33. Li CY, Sung FC. Socio-economic inequalities in low-birth weight, full-term babies from singleton pregnancies in Taiwan. Public Health. 2008;122(3):243-50. DOI:10.1016/j.puhe.2007.05.011 [ Links ]
34. Lin L, Liu Y, Zhang X, Mi J, Cao L. Sampling survey on low-birth weight in China in 1998. Zhonghua Yu Fang Yi Xue Za Zhi. 2002;36(3):149-53. [ Links ]
35. Luxemburger C, McGready R, Kham A, Morison L, Cho T, Chongsuphajaisiddhi T, et al. Effects of malaria during pregnancy on infant mortality in an area of low malaria transmission. Am J Epidemiol. 2001;154(5):459-65. DOI:10.1093/aje/154.5.459 [ Links ]
36. Matijasevich A, Barros FC, Díaz-Rossello JL, Bergel E, Forteza AC. Factores de riesgo para muy bajo peso al nacer y peso al nacer entre 1.500-2.499g: un estúdio del sector público de Montevideo, Uruguay. Arch Pediatr Urug. 2004;75(1):26-35. [ Links ]
37. Menendez C, Ordi J, Ismail MR, Ventura PJ, Aponte JJ, Kahigwa E, et al. The impact of placental malaria on gestational age and birth weight. J Infect Dis. 2000;181(5):1740-5. DOI:10.1086/315449 [ Links ]
38. Mockenhaupt FP, Bedu-Addo G, von Gaertner C, Boyé R, Fricke K, Hannibal I, et al. Detection and clinical manifestation of placental malaria in southern Ghana. Malar J. 2006;5:119. DOI:10.1186/1475-2875-5-119 [ Links ]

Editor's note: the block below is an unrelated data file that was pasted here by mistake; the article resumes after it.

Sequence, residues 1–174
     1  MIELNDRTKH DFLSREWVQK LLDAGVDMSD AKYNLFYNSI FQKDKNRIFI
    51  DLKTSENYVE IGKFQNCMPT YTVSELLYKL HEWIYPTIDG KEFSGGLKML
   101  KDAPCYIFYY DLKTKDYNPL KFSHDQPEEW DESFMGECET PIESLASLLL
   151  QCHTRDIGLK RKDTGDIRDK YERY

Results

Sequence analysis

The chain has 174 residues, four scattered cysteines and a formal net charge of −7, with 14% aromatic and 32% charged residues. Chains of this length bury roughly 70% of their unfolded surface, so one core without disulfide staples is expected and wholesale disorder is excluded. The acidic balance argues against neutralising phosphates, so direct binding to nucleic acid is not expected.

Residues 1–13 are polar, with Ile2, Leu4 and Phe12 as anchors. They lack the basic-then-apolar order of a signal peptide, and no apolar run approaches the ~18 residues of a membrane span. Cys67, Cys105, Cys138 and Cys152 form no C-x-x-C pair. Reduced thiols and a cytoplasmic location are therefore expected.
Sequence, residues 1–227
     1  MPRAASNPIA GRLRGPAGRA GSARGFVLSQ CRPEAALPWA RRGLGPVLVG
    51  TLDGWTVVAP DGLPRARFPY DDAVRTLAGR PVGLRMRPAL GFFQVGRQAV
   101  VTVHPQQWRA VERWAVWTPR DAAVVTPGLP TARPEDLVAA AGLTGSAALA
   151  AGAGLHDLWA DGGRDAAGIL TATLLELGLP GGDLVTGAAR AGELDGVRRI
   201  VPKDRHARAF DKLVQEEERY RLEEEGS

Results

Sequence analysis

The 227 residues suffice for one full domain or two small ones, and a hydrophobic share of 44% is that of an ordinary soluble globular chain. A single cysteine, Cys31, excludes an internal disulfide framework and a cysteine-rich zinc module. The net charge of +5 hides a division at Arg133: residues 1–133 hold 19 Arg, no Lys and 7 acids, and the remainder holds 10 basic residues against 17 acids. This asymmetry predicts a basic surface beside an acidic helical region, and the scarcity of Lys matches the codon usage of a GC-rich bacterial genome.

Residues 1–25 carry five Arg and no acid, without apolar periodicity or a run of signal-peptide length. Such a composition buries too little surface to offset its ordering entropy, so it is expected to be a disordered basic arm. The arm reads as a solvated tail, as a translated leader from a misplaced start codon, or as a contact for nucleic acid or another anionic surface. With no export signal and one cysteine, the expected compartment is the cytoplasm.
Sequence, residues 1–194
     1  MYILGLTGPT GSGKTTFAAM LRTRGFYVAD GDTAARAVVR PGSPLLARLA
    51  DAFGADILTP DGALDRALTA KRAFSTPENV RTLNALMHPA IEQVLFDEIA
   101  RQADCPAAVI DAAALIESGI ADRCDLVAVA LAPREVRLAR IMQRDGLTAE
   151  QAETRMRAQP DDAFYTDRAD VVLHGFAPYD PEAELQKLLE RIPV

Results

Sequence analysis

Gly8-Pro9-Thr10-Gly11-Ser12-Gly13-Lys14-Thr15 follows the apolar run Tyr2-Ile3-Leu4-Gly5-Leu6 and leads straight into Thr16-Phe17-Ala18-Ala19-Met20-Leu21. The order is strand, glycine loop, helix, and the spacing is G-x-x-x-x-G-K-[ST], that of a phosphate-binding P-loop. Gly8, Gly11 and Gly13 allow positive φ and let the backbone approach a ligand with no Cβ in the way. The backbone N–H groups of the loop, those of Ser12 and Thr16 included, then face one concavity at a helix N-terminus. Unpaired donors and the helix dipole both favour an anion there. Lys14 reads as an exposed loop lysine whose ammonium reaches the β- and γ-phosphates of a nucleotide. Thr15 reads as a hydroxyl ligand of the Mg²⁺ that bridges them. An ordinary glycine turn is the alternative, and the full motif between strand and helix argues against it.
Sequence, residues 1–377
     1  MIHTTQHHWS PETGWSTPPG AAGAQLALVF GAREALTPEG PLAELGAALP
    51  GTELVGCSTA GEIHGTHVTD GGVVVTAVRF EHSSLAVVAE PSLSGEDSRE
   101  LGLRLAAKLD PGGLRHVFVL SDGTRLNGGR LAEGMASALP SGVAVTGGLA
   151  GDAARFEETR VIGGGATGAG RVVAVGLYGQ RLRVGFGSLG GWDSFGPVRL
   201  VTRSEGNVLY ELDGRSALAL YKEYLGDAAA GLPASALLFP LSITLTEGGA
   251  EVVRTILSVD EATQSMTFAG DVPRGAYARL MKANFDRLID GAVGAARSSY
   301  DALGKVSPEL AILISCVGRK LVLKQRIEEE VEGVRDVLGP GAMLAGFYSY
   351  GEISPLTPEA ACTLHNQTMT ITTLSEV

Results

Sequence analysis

39. Mockenhaupt FP, Hamann L, von Gaertner C, Bedu-Addo G, von Kleinsorgen C, Schumann RR, et al. Common polymorphisms of toll-like receptors 4 and 9 are associated with the clinical manifestation of malaria during pregnancy. J Infect Dis. 2006;194(2):184-8. DOI:10.1086/505152 [ Links ]
40. Mwanyumba F, Inion I, Gaillard P, Mandaliya K, Praet M, Temmerman M. Placental inflammation and perinatal outcome. Eur J Obstet Gynecol Reprod Biol. 2003;108(2):164-70. DOI:10.1016/S0301-2115(02)00438-4 [ Links ]
41. Najmi RS. Distribution of birthweights of hospital born Pakistani infants. J Pak Med Assoc. 2000;50(4):121-4. [ Links ]